With the launching of the National Referral Mechanism (NRM) for the protection and assistance of vulnerable migrants, including victims of trafficking, The Gambia government has created a holistic tool for effective coordination of assistance and protection of migrants.
In the NRM, the government and partners have identified clear steps for various stages of assistance to migrants, including identification, assessments, referrals, family tracing, return, and reintegration.
One of the government ministries that championed the development of the mechanism is the Ministry of Gender, Children and Social Welfare.
“The NRM is a holistic approach that ensures every institution knows its terms of reference. It ensures clarity in terms of responsibility, openness, accountability and brings to an end the blame game,” Kajali Sonko, Deputy Permanent Secretary at the Ministry of Gender, Children and Social Welfare told The Standard.
The issues of migration, especially trafficking, remained one of the challenging issues for The Gambia government.
In the past twenty years, The Gambia has become “a significant country of origin for migrants” and refugees travelling to Europe and North America, according to the 2020 Working Papers of the European Council on Refugees and Exiles.
However, over the past years, a good number of Gambians were either voluntarily returned or deported.
DPS Sonko pointed out that prior to the coming into being of the NRM, there was no system, regulation or mechanism to better take care of migrants when they arrived in the country.
“All the institutions responsible for migration issues were just doing things separately in an uncoordinated manner,” he explained. He added: “At the time, when we receive them [migrants] we used to take them to the Independence Stadium or hotels and other players will just come and look at them and go. But this system [NRM] we built with IOM will ensure that we consolidate and formalise the already existing efforts and put it in context where if a recipient institution like NAATIP receive those who were trafficked, they will have to consult the Ministry of Gender directly for us to take them to the shelter at Bakoteh.”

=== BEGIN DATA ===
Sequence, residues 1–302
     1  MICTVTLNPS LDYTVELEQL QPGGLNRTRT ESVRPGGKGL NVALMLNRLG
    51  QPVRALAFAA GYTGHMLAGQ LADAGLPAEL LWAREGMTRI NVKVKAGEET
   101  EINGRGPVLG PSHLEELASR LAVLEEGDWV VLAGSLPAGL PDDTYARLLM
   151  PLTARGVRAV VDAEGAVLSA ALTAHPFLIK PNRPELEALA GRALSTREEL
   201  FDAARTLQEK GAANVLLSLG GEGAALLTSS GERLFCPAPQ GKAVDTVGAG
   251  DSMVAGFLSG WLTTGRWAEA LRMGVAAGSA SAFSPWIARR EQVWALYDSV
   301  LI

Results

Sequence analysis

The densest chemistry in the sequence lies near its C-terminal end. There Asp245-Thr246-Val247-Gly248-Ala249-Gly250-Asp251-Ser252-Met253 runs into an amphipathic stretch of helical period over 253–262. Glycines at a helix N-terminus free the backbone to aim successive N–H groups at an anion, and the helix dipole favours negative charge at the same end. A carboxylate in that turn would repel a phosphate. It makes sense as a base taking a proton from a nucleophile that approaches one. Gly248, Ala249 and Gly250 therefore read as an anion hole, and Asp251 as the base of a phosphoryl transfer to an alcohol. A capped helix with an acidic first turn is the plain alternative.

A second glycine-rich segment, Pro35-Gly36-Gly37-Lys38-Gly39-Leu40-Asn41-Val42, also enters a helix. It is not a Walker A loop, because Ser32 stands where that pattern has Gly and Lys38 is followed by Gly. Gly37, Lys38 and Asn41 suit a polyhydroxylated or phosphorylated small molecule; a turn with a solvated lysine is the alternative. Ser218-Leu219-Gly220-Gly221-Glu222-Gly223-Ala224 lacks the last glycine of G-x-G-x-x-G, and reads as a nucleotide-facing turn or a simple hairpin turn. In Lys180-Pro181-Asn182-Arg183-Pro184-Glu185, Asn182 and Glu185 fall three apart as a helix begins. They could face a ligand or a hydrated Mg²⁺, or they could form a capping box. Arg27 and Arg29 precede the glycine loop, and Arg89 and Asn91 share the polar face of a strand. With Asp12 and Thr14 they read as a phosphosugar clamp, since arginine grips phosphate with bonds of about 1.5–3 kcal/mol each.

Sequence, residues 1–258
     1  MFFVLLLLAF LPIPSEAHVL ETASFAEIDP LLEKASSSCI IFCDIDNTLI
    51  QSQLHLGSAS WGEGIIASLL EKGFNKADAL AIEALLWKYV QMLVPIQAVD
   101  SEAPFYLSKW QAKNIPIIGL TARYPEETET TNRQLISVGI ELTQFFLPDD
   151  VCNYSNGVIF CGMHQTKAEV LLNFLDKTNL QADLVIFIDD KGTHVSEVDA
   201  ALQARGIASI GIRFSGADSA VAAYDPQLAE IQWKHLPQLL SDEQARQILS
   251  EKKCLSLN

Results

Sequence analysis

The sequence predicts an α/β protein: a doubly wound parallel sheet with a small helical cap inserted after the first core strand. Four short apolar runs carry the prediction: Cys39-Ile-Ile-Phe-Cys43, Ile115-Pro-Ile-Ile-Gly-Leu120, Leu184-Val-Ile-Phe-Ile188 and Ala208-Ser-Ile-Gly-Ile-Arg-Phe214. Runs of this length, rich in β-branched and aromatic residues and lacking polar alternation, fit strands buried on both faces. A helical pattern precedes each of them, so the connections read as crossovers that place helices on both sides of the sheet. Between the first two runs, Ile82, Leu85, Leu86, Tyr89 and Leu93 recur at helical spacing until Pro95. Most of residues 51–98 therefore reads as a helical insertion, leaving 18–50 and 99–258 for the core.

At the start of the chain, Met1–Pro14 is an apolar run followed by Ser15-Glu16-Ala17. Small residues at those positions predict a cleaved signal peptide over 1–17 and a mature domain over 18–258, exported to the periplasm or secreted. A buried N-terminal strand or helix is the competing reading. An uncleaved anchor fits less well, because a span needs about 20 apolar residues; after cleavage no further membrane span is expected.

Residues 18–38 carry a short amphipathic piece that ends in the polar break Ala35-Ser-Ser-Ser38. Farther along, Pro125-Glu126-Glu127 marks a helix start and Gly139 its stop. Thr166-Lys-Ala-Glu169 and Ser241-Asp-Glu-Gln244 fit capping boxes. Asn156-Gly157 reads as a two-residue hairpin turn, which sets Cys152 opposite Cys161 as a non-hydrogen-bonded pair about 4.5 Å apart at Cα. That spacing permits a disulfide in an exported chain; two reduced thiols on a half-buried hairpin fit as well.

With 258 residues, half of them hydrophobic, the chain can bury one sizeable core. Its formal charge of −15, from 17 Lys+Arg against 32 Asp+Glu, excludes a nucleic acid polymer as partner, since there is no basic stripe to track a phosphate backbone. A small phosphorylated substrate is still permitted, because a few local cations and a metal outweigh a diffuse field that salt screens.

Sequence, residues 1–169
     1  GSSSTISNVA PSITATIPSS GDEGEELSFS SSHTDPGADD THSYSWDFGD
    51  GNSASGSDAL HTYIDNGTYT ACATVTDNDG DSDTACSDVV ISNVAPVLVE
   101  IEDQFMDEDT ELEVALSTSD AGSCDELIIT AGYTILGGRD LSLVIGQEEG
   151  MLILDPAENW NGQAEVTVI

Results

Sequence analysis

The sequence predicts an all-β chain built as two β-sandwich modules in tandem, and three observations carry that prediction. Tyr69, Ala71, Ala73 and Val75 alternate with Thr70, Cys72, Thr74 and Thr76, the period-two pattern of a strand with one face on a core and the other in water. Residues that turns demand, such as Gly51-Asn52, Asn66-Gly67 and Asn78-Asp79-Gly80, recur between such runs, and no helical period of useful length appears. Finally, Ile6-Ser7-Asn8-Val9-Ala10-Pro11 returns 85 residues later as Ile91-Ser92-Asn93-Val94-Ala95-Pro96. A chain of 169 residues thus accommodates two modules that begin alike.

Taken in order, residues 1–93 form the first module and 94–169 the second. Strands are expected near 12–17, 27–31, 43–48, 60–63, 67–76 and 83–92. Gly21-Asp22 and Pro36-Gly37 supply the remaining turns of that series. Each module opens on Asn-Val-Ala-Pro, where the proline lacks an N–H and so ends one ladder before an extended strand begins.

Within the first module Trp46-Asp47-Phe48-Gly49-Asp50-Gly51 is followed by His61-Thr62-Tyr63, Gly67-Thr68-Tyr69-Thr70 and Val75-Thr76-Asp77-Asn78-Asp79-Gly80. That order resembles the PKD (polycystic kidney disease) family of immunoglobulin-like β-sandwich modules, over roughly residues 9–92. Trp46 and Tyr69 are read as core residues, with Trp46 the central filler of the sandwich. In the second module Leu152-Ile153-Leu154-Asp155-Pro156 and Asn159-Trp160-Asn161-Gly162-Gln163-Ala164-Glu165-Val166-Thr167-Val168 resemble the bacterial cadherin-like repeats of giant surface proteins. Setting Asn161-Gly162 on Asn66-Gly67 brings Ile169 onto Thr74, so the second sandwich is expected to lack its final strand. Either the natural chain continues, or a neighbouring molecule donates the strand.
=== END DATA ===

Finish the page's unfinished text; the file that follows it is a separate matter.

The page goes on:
Under the NRM, the Ministry of Gender is responsible for providing psychosocial support to victims or investigations in some of the cases.
The migration focal person at the Ministry for the Interior, Manding Saidykhan, said the NRM will significantly improve coordination between the different players. The different stakeholders in the migration field know what each is supposed to do.
“The role of the Ministry for the Interior is to ensure that issues of returnees are properly checked and referred to the right institutions to take up from there,” Mr Saidykhan highlighted.
Vulnerable children are catered
Karamo Keita of the Institute for Social Reformation & Action (ISRA), one of the local NGOs that was involved in the development of the NRM, said the mechanisms put in place by the NRM would enable NGOs like his to appropriately respond to the needs of the migrant children they serve.
“Through the NRM, we now clearly understand how and where to make referrals for all vulnerable children,” he said. “It also creates a robust system for all stakeholders to know what each and every one is doing towards the protection of children.”
For Mr Keita, the NRM is a good starting point “for putting all our needs together” because it enables stakeholders to know where other service providers are and what they are doing.
The development of the NRM was made possible through the EU-IOM Joint Initiative for Migrant Protection and Reintegration, funded by the EU Emergency Trust Fund for Africa, and the US Department of State’s Office to Monitor and Combat Trafficking in Persons through the project ‘Supporting National Efforts to Combat Human Trafficking’.
Mr Etienne Micallef, the International Organisation for Migration (IOM)’sProgramme Manager for Assisted Voluntary Return and Reintegration (AVRR), said the NRM is a very important step for The Gambia in terms of providing protection to vulnerable migrants.
He reiterated that before the NRM, there was no established national measure or mechanism to refer vulnerable migrants for support..
“This doesn’t mean support was not provided, but now with the NRM, a mapping of the various stakeholders was done and the relevant referral procedures between the different actors are in place” he explained, adding that the NRM is victim-centred.